Concept

Ring network

Summary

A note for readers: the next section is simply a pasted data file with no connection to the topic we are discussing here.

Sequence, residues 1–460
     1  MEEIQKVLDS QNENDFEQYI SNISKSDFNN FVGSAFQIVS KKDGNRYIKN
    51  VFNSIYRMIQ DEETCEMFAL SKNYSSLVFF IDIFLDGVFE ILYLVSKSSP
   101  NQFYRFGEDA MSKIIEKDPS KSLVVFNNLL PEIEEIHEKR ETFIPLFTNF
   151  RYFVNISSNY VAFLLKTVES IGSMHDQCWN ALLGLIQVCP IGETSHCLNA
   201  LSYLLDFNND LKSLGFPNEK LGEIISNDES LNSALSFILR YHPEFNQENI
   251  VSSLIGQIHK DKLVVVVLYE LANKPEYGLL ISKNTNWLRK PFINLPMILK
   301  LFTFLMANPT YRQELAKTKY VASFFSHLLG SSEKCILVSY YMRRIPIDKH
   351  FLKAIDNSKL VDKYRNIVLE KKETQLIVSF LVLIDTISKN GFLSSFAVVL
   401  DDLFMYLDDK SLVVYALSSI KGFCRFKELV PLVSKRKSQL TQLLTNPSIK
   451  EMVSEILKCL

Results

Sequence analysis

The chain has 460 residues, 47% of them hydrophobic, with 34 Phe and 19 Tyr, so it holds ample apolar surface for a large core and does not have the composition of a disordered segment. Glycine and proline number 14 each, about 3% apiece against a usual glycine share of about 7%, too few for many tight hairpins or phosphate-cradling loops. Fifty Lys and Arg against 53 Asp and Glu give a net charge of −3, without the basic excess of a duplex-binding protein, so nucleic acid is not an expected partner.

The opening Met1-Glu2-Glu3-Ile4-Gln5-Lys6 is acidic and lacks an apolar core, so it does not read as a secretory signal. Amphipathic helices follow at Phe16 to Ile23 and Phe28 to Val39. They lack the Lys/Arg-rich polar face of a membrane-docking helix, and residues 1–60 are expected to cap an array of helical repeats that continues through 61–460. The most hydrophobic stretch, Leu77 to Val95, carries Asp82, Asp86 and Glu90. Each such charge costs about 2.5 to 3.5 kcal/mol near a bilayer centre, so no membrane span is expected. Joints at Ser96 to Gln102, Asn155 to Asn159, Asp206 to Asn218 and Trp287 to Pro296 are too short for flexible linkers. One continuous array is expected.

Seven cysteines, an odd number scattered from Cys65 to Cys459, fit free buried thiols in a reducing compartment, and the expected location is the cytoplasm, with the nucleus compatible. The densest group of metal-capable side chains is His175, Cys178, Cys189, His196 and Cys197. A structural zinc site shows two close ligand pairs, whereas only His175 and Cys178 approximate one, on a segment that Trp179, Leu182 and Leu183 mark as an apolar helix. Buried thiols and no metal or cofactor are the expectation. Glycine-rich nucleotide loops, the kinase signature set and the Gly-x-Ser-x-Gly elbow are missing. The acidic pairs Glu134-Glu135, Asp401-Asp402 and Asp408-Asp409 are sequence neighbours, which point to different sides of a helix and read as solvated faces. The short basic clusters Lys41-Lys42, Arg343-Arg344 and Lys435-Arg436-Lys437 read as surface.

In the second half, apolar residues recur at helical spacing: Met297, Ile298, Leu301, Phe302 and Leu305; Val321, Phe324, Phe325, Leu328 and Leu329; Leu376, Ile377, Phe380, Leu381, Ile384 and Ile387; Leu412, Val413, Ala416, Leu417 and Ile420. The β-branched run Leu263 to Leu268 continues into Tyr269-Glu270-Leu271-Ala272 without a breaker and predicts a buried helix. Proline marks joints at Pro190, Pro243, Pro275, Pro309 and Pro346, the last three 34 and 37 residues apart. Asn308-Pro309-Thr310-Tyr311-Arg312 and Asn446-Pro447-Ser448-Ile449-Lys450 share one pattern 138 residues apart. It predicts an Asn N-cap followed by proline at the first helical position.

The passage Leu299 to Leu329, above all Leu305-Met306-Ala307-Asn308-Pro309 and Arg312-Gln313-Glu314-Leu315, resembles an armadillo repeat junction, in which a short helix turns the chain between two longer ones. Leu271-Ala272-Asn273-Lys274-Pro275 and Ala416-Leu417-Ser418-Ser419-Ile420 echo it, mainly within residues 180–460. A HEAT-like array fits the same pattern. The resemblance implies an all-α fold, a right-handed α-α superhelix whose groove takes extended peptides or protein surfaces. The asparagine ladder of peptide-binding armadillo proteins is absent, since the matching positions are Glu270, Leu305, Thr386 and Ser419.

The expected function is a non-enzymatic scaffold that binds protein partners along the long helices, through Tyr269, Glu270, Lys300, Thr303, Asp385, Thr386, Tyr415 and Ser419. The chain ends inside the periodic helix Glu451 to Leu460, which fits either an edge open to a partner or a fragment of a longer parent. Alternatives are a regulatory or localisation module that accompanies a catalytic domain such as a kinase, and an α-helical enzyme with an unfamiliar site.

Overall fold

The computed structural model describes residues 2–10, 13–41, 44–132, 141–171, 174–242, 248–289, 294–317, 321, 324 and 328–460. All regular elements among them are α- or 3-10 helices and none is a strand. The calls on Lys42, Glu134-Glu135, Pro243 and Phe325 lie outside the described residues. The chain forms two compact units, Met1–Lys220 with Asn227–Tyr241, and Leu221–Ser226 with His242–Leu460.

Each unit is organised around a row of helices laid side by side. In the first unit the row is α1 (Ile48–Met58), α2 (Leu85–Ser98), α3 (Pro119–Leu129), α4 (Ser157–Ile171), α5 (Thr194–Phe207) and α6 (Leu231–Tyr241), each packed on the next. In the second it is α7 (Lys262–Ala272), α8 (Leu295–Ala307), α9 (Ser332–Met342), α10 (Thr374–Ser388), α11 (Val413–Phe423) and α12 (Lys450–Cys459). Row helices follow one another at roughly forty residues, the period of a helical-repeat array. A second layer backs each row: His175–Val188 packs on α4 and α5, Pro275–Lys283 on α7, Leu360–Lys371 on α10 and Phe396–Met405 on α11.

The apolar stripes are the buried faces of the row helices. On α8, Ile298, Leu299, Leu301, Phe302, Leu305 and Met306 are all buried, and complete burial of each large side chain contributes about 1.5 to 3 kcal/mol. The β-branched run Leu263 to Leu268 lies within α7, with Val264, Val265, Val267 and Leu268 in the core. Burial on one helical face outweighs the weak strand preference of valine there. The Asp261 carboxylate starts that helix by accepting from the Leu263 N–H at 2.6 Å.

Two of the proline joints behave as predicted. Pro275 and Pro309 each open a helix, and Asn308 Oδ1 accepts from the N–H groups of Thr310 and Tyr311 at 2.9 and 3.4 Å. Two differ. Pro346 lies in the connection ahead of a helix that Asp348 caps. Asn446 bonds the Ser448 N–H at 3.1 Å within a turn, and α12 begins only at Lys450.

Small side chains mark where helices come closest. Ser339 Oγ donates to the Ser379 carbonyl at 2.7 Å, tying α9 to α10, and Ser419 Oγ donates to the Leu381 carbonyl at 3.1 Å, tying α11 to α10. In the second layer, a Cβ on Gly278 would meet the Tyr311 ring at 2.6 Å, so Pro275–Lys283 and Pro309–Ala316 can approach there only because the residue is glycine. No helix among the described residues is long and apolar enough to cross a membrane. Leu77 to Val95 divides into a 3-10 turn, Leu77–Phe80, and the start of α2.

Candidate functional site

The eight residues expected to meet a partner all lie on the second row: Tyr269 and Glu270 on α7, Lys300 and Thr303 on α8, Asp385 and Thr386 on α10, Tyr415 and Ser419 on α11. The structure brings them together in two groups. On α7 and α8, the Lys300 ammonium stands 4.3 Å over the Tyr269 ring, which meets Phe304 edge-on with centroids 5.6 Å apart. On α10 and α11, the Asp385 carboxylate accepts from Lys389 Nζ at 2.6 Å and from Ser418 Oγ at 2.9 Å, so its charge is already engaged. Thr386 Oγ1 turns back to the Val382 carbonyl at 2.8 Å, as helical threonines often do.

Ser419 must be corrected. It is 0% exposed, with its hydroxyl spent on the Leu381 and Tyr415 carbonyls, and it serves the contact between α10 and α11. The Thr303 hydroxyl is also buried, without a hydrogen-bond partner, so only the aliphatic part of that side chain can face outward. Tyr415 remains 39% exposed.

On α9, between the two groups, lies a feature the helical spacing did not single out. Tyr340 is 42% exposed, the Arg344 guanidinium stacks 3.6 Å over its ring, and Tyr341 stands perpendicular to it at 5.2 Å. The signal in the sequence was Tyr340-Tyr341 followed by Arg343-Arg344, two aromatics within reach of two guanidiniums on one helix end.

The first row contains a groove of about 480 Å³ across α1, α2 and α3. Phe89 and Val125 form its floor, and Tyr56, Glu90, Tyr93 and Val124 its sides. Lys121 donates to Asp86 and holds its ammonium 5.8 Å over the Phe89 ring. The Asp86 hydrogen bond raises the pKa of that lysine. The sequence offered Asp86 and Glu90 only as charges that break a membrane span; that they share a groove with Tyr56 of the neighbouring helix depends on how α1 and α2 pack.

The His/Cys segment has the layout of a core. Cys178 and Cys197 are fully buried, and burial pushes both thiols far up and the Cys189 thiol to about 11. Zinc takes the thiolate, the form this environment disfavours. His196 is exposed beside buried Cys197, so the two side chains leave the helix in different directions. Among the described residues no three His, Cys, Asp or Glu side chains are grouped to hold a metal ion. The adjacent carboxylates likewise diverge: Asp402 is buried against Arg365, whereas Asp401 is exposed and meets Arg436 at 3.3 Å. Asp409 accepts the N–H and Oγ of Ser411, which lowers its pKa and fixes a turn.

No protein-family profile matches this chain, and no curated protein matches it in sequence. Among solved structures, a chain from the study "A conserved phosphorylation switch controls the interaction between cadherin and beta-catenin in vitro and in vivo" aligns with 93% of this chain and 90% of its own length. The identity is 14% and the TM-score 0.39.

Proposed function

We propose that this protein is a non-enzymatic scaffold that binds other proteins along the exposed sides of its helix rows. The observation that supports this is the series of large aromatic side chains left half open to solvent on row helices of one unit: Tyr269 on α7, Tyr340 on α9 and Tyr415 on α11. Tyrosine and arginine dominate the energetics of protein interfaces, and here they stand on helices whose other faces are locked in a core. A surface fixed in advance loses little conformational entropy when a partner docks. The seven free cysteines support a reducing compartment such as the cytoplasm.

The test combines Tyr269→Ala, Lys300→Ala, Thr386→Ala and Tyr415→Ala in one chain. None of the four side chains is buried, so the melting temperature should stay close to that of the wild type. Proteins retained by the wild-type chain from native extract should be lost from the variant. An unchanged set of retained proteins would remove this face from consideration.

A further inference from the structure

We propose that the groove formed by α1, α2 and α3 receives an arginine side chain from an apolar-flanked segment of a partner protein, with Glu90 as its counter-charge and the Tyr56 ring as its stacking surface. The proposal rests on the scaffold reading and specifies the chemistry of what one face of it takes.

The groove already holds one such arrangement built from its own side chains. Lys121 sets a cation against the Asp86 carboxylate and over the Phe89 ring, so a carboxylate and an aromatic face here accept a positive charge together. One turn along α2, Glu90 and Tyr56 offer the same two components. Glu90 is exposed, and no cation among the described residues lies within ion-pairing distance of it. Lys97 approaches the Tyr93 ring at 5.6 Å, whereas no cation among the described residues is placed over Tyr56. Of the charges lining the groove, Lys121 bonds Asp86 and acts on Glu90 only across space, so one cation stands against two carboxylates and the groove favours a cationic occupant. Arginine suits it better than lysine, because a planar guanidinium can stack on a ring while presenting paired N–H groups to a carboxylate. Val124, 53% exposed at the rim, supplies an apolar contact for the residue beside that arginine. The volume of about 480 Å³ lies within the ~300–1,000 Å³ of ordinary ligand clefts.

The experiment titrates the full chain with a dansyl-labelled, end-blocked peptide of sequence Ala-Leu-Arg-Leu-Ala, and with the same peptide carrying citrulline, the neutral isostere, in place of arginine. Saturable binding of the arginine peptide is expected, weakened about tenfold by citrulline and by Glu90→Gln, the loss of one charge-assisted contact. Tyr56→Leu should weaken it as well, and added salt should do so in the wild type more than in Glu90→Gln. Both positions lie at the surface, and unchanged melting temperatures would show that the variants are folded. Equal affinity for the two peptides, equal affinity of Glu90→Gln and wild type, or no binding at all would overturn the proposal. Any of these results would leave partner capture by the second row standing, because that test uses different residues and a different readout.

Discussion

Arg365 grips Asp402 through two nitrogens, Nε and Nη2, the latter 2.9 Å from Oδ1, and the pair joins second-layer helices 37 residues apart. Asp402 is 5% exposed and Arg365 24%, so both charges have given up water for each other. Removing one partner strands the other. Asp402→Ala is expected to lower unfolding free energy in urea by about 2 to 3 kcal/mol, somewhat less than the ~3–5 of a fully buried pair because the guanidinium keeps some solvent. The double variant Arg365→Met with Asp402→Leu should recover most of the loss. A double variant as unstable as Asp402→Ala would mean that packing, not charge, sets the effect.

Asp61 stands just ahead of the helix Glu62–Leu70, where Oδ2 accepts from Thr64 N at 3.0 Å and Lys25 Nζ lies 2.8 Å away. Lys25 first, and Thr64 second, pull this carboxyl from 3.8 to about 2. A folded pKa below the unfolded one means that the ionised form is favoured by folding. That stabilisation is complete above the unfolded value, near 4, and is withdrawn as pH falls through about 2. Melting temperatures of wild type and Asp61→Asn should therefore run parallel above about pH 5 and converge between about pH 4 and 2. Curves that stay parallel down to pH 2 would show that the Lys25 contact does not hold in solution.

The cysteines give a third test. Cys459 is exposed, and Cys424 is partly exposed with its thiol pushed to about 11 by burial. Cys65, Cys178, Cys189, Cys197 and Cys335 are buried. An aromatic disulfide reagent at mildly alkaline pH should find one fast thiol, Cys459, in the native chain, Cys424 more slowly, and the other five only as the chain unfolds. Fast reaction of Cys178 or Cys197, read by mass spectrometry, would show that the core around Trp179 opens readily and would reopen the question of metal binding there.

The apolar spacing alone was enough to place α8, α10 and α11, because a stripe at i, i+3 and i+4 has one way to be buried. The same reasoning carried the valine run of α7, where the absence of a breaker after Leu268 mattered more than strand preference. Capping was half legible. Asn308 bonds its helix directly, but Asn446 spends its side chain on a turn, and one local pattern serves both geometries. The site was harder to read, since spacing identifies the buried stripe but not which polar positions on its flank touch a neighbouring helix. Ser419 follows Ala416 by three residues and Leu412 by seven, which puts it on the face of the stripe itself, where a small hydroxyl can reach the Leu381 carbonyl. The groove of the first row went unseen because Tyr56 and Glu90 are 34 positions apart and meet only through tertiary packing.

A ring network is a network topology in which each node connects to exactly two other nodes, forming a single continuous pathway for signals through each node – a ring. Data travels from node to node, with each node along the way handling every packet. Rings can be unidirectional, with all traffic travelling either clockwise or anticlockwise around the ring, or bidirectional (as in SONET/SDH). Because a unidirectional ring topology provides only one pathway between any two nodes, unidirectional ring networks may be disrupted by the failure of a single link. A node failure or cable break might isolate every node attached to the ring. In response, some ring networks add a "counter-rotating ring" (C-Ring) to form a redundant topology: in the event of a break, data are wrapped back onto the complementary ring before reaching the end of the cable, maintaining a path to every node along the resulting C-Ring. Such "dual ring" networks include the ITU-T's PSTN telephony systems network Sign
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